A snapshot of public education in NC

North Carolina’s quality of public education is declining at an alarming rate. While public education spending is being cut nationwide, teacher pay is being cut most rapidly in North Carolina. NC lowered teacher salaries nearly 16 percent from 2002 to 2012, while other states had a median decline of one percent. This means that currently, North Carolina teachers earn almost $10,000 less than the national average. For a point of comparison, a first year teacher in North Carolina makes $30,800 while the starting salary for teachers in Kentucky is close to $40,000. This pay decrease is making it difficult for North Carolina to compete on a national level. There is less incentive for teachers to work in public schools in North Carolina, where it would take the average teacher more than 15 years to earn a yearly salary of $40,000. Whereas, if teachers decided to move to Virginia they would see this pay increase in only four.

Rodney Ellis, president of the North Carolina Association of Educators, the state’s largest teacher advocacy group says the outlook of North Carolina teachers is bleak.

“Morale is at the bottom of the barrel right now throughout this state,” he says. “Teachers are really questioning why they want to teach, why they want to teach here in North Carolina. They have to take care of their own families, and it’s difficult to do that when our salaries are as low as they are. We’ve got educators who right now qualify for government assistance.”

And teachers aren’t the only ones who are suffering. In 2013, North Carolina legislature made a slew of changes to public education: teachers no longer have job security because of the abolishment of tenure, extra pay for graduate degrees was eliminated, the creation of vouchers means private learning institutions can now tap into the shrinking amount of budgetary allowance for public schools, schools are now required to adopt CommonCore standards. To afford these changes,the budget for materials has been slashed.  Funds for books were cut by a whopping 80 percent, allocating $14.96 per year per student– hardly enough to cover the costs of one textbook. This has moved North Carolina to rank 48th in per pupil expenditures.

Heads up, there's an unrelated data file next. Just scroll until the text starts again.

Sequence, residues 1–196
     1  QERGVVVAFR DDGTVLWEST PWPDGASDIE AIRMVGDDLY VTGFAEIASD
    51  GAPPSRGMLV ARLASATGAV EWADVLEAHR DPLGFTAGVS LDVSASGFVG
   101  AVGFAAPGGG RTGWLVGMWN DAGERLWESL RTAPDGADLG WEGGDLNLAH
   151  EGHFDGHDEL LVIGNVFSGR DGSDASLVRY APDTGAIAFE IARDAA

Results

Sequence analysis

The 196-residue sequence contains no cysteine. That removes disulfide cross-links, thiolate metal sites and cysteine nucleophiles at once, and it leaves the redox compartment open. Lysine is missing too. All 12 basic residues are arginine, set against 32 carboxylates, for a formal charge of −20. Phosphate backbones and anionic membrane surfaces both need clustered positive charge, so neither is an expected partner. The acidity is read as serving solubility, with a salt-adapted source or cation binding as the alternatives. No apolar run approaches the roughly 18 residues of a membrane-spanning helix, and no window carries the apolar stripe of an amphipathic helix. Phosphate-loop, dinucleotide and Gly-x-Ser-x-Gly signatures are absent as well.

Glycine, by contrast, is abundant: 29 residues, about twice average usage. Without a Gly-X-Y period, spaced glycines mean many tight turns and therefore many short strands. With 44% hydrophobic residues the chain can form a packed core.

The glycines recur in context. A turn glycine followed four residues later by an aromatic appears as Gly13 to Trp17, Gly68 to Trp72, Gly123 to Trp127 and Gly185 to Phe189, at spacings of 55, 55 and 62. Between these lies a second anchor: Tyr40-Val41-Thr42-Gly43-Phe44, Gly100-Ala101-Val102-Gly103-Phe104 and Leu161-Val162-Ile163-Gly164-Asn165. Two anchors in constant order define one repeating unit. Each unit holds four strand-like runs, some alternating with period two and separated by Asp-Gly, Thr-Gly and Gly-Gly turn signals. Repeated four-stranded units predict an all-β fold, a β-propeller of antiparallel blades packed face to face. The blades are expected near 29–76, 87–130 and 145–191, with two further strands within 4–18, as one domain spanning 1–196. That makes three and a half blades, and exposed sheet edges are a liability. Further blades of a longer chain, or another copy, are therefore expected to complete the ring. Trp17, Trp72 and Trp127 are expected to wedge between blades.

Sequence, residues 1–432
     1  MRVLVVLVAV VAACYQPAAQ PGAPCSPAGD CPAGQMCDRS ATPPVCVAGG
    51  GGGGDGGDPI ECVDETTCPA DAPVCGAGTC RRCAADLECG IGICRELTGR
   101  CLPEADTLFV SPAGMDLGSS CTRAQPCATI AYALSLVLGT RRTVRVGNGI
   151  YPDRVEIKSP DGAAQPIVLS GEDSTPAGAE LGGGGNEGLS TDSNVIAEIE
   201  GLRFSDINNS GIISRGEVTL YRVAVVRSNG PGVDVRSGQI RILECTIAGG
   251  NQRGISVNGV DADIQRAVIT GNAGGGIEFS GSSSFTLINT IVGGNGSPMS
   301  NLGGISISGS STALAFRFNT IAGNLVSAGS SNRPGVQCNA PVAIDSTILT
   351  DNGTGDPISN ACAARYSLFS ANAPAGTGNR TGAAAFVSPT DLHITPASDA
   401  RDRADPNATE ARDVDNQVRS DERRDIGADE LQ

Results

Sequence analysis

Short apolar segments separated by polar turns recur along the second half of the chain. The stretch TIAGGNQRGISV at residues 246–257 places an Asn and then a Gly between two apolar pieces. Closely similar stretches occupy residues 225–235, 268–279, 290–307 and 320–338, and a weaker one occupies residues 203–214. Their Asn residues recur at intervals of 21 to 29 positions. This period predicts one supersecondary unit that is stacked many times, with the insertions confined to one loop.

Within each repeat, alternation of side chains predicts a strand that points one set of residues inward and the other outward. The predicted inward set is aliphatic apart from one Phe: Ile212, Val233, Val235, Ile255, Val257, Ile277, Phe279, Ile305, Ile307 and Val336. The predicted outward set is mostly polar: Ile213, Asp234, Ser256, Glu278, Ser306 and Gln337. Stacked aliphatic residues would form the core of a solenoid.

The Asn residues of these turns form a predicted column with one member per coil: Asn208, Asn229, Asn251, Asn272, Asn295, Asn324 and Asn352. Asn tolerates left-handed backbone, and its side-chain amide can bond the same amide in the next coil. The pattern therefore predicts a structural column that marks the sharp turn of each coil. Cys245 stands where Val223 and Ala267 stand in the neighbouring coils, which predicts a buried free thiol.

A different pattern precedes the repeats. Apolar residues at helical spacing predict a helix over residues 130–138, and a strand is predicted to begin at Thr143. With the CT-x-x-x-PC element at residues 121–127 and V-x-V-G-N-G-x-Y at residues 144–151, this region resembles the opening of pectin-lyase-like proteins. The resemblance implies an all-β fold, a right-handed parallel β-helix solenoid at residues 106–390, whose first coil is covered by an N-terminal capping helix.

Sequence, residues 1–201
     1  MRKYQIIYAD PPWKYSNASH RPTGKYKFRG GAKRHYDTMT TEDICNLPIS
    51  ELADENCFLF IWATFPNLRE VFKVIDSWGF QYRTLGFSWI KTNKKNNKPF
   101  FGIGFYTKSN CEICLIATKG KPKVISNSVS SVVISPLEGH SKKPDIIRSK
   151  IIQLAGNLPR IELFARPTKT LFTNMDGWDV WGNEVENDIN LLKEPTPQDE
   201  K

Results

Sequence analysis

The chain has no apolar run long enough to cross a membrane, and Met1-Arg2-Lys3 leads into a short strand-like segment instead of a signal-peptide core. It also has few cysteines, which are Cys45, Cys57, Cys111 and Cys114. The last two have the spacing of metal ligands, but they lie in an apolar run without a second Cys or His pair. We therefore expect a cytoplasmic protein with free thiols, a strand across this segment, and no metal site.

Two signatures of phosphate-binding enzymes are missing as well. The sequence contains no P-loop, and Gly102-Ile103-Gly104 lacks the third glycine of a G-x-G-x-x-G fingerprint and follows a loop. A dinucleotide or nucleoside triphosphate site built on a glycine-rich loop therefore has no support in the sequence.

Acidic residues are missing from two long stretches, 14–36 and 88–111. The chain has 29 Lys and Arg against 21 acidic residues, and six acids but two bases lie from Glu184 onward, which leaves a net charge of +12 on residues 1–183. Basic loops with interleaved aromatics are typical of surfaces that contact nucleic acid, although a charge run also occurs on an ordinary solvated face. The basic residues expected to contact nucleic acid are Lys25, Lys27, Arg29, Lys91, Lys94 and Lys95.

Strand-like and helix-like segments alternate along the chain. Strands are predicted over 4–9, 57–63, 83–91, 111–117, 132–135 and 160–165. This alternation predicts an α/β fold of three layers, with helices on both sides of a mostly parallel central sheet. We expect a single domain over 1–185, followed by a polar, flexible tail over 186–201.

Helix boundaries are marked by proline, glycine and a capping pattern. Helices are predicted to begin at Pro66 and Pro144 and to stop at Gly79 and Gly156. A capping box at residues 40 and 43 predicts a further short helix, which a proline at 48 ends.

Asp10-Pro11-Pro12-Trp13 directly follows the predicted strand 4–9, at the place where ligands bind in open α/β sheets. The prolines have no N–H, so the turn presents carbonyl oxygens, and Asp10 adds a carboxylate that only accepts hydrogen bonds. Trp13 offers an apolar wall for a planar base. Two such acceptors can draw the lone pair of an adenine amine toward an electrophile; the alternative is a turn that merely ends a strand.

In addition to these legislative changes came demographic changes. In 2013 the legislature eliminated funding for 5,200 teachers and 3,850 teacher assistants as the student population grew. The state would have to hire 29,300 people to bring the employee-student ratio back to the same rate it was in 2008.

North Carolina is faced with a situation where teachers have more students, less pay, no books, less assistance and less planning time. The situation is only compounded by the fact that as school spending is cut, child poverty is increasing at an alarming rate and has reached up to 68 percent in some areas of Durham. Public education is a common resource for combating poverty in communities, but schools are finding their resources are being more swiftly depleted.

These changes will likely extend to higher education throughout North Carolina as well. When students have little access to qualified teachers and books, their college readiness drops, which quickly translates to a decline in enrollment – especially for those students entering college with plans of entering the public sector. In the past year since these changes have occurred, enrollment in state education programs has dropped by anywhere from 20 to 40 percent.

This situation mirrors a problem faced by legislators in the early 1990s. In 1992, Governor Jim Hunt ran for a fourth term on the platform of raising teacher pay to the national average. This ambitious plan would require a $10,000 pay raise per teacher. This mission was supported and passed by a bipartisan legislature. North Carolina quickly earned recognition as one of the highest ranking states in public education. Teachers soon were paid above the national average, attracting talented educators and new businesses, impressed by the state’s commitment to educating children.

Soon our legislature will release its plans for next year’s budget. In it will be a financial outline of the state’s public education priorities. Both parties assure  the budget will include teacher pay increases, but only time will tell which reform policies make North Carolina a more attractive state for teachers and families.